Damien Hirst has never shirked from the bizarre or extreme. Do you remember his controversial artworks ranging from formaldehyde sharks, sheep sawn in half, psychedelic dot canvases and now to his new enormous head dead/half living sculptural incarnations at Yorkshire Sculpture Park. It’s a mix of the mythical, a dash of the anatomical with a gesture of pop art. What! I hear you but Hirst has always shocked through the complexities between art and beauty, religion and science, life and death.
Invited by the Yorkshire Sculpture Festival for this year’s festival dedicated to sculpture across 100 days. Seven of Hirst’s sculptures are currently being displayed in Leeds Art Gallery and the city centre, as well as the Yorkshire Sculpture Park itself. This is where I have visited today.
Passing through the sheep-packed fields (how apt) to the The Virgin Mother (2005–2006) a monolithic 10-metre-high pregnant human woman, half flayed so you can see her insides and unborn baby. She stands forthright like a gladiator in the open green. There’s no cuddling of the stomach, she’s on the move and ready for action. Hirst apparently took inspiration from Edgar Degas’ ‘Little Dancer of Fourteen Years’, the figure’s stance references his 1880 sculpture of a young student of the Paris Opera Ballet dance school. Hirst said of The Virgin Mother “It is kind of naughty; she shouldn’t really be pregnant. I wanted a feeling of that. Anyone who is pregnant looks old enough, that’s the problem.” (Okayyy, Damien).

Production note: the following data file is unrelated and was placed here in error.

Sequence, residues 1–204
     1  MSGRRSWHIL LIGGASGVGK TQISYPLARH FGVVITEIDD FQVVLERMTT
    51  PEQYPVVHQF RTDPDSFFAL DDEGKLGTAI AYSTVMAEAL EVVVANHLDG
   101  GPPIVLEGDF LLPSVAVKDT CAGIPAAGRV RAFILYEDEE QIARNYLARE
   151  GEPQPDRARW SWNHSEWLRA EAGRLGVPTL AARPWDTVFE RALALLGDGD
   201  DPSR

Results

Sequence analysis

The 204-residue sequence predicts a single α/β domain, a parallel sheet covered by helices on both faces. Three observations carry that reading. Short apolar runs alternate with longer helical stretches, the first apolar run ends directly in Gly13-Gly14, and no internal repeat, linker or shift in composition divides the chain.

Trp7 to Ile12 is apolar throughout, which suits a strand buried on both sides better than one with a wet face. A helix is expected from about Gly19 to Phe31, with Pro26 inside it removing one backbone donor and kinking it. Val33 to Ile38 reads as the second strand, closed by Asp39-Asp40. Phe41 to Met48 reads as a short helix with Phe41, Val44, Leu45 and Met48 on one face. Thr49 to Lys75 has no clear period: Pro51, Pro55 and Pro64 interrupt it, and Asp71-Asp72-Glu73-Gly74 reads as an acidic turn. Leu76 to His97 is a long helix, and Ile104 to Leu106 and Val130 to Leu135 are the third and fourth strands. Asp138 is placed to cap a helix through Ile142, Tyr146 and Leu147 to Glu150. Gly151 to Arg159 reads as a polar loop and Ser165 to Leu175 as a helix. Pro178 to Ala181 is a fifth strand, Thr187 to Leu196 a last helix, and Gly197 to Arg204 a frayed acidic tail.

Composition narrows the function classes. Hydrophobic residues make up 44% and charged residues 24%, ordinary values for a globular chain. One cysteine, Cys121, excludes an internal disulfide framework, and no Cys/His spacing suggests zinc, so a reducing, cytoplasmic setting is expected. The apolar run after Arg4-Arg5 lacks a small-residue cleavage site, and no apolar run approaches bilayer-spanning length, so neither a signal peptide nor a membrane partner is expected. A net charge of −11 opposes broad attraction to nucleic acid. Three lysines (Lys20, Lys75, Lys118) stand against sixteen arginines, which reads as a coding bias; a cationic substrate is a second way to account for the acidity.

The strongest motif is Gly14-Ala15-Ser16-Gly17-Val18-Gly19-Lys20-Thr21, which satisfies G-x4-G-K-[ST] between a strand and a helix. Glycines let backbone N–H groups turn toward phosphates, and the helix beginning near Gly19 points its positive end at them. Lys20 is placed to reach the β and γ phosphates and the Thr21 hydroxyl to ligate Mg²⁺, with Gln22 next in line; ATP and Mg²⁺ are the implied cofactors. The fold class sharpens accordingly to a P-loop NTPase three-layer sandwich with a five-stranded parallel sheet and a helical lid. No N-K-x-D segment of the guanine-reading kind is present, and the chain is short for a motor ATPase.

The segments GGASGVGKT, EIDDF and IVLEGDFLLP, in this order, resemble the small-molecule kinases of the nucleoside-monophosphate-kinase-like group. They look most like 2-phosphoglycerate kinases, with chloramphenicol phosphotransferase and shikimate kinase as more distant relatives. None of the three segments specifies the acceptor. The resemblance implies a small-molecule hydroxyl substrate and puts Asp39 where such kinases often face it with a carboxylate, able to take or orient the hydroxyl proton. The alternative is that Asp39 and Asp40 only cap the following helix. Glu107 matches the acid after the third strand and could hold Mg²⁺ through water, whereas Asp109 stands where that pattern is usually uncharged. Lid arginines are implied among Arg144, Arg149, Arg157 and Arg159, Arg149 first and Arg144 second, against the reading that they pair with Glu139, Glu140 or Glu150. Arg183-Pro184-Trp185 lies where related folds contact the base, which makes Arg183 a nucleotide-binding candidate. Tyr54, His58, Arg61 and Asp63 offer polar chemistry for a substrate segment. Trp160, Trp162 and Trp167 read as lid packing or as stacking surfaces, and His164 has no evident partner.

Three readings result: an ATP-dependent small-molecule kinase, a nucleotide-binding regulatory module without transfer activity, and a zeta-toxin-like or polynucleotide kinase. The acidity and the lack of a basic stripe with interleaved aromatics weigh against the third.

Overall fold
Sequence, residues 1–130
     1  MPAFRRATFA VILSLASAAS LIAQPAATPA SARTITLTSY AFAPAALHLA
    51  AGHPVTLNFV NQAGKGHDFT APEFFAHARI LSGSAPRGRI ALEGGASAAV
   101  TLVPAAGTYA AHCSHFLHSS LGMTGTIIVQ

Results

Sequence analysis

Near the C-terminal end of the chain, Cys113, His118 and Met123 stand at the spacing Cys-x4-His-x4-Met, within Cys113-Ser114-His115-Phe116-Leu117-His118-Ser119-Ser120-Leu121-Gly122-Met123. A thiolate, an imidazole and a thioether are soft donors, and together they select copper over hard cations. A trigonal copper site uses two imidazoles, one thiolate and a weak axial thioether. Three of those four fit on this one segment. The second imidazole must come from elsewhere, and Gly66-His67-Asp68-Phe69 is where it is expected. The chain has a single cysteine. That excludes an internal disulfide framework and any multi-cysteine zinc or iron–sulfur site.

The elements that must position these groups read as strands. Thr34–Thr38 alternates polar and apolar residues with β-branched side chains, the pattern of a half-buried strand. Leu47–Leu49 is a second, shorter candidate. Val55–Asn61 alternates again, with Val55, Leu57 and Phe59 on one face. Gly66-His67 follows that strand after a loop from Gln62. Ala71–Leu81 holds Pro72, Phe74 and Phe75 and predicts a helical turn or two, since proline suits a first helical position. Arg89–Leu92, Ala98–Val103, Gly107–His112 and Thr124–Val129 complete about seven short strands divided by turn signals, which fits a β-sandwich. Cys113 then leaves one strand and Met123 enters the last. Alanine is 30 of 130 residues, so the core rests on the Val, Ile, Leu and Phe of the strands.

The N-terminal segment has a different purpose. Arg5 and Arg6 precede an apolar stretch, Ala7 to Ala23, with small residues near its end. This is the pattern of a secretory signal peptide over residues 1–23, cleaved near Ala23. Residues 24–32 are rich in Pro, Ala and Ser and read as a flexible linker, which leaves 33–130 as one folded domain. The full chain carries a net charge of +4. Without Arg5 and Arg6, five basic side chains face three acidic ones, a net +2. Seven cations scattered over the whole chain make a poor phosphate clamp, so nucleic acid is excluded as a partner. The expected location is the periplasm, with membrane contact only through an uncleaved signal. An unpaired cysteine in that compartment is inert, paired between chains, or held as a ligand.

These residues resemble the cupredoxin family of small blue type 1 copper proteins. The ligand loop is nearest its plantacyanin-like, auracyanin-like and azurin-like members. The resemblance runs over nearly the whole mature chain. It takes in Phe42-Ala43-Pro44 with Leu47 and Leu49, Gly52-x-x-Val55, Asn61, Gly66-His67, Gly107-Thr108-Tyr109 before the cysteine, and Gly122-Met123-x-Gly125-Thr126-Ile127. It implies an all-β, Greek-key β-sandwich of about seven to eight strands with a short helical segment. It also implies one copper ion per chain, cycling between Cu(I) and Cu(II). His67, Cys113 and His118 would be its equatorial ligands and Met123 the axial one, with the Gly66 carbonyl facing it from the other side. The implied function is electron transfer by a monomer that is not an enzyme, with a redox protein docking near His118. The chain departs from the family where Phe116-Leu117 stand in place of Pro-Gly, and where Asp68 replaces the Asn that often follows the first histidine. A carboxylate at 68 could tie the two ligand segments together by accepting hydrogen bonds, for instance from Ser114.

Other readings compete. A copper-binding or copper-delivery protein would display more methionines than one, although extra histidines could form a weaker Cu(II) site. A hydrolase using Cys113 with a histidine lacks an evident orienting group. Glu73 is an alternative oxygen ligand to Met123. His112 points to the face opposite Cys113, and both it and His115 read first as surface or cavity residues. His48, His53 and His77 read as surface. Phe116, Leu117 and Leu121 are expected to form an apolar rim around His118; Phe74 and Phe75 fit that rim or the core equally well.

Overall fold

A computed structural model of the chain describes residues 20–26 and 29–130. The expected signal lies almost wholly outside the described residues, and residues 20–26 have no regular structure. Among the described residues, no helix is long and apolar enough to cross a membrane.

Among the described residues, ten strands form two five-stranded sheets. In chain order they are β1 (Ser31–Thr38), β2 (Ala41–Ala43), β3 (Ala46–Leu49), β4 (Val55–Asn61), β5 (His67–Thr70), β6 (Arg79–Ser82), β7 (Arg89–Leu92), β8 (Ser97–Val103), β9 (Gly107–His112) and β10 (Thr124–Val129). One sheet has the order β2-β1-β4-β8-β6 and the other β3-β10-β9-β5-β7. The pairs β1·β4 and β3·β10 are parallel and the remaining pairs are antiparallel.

Across the field, another half flayed sculpture resides on a classical plinth, disrupting the familiar narrative of sculptures of horses. Myth (2010), a white unicorn with one half of its skin revealing vibrant red muscles and tissues. It’s rubber-like material channels a mythical kind of energy while its hidden belly of bronze belies Hirst’s reference to a depth of spiritual or religious strength. It’s yet another tongue-in-cheek shout-out to the establishment of traditional sculpture.
These hidden depths follow through in Charity (2002–2003) a huge battered children’s charity sculpture whose locked box has been prised open leaving pennies by her feet. It’s worn and weathered look harks back to the 80’s when these would be found on every main high street. Hirst has created this sculpture to question and challenge the outdated ways of presenting disability and seeking charity. It’s a memorable piece and slightly out-of-place in-between the other sculptures but this is most likely what Hirst is deliberately trying to achieve. He wants to unsettle us. He wants to create angst. He wants us to step back and think what exactly am I looking at. They’re not sculptures in the traditional sense. They’re almost nonsensical. He’s unveiling issues at the heart of each sculpture, yet collaborating with art history to provide credence which sometimes works, and alas, sometimes doesn’t.
On until 29 Sep 2019
Yorkshire Sculpture Park
West Bretton, Wakefield